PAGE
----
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Fast Facts About Mull
Ben More. Scotland’s islands are not known for munros; Ben More is the only hill/mountain on Mull over 3,000 feet tall. The summit can be most easily reached from Loch na Keal and offers, in clear weather (mist and fog can descend fast), views of local islands including Iona, Staffa and Ulva.
Duart Castle. High on a clifftop, overlooking the Sound of Mull, Duart Castle was in active use from the fourteenth to seventeenth centuries, after which human habitation ceased and weather and nature took their toll on this magnificent building. Sir Fitzroy Maclean acquired his ancestral home in the early twentieth century, and invested substantial time and money in renovating Duart Castle, now open to the public who can explore the building from dungeons to keep.
Lochs. Mull’s sea and freshwater lochs – favoured by sailors and fishermen - include Loch Assapol, Loch Caol, Loch na Keal, Loch Mingary, Loch Scridain and Loch Tuath and Loch Uisg. It is believed that Loch Ba was once home to an old goddess – one of the many faces of the cailleach – who sustained her youth by washing in Loch Ba every hundred years at the dawning of a day before animals were awake. One morning she inadvertently roused a restless dog, who barked thus breaking her magic of everlasting youth.
Tobermory. Tobermory, sometimes called Mull’s capital, is a popular stopping off point for cruise ships. Welcoming brightly painted buildings surround the harbour of a town whose attractions include a distillery, a marine visitor centre, a museum and a pottery. The children’s television series Balamory was filmed on Tobermory, a name given to one of the characters in The Wombles...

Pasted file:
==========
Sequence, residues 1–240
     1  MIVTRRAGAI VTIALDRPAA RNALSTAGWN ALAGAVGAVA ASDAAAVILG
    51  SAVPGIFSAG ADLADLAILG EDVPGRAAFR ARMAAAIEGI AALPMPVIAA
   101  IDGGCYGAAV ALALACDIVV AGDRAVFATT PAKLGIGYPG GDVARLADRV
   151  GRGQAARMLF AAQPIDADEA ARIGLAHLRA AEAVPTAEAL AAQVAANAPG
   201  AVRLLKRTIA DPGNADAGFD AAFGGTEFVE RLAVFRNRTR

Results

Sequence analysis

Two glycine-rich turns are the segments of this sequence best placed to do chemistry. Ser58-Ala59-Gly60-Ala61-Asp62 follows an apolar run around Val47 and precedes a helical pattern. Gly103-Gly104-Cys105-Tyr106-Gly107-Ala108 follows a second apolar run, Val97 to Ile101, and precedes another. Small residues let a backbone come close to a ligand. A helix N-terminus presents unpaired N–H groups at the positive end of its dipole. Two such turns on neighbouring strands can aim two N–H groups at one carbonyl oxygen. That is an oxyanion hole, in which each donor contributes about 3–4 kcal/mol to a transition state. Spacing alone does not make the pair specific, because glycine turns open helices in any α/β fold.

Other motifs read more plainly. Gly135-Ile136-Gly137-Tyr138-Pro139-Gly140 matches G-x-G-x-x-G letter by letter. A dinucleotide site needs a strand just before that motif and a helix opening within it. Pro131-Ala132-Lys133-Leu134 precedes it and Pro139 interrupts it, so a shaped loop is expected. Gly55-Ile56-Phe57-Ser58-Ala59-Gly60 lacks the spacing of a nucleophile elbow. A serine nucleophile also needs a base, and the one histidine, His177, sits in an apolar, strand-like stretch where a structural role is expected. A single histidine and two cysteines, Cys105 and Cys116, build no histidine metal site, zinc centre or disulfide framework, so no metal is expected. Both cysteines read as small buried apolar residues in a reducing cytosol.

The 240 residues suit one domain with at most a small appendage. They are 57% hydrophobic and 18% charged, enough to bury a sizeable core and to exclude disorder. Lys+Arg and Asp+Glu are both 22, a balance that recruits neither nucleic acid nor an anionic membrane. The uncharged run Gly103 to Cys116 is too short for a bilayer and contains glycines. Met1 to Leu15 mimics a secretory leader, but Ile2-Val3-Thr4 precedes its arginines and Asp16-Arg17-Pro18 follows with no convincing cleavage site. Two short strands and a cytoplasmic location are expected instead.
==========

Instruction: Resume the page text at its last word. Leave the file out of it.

Wildlife. Mull is a haven for wildlife – buzzards, corncrakes, dolphins, eagles, otters, red deer, sharks, whales... Mull has an extensive population of white-tailed eagles – the largest bird of prey in the UK. Wildlife photographer and presenter Gordon Buchanan grew up on the Isle of Mull.
Wrecks. 1588 - the Spanish Armada galleon San Juan de Sicilia takes shelter in Tobermory Bay; she is blown up as she leaves, taking her treasures with her to the seabed. In the middle of the seventeenth century Oliver Cromwell seds five ships to Mull – his purpose to capture the ten-year-old Chief of the MacLeans; a storm foils the English, and three of the ships sink on the rocks below Duart Castle. In 1945 a plane travelling from Canada to Scotland crashes on the Mull mountain Ben Talaidh; prompt rescue action by locals ensures that five out of eight of the travellers survive; if you are lucky you may still find a piece of the wreckage on the mountain.
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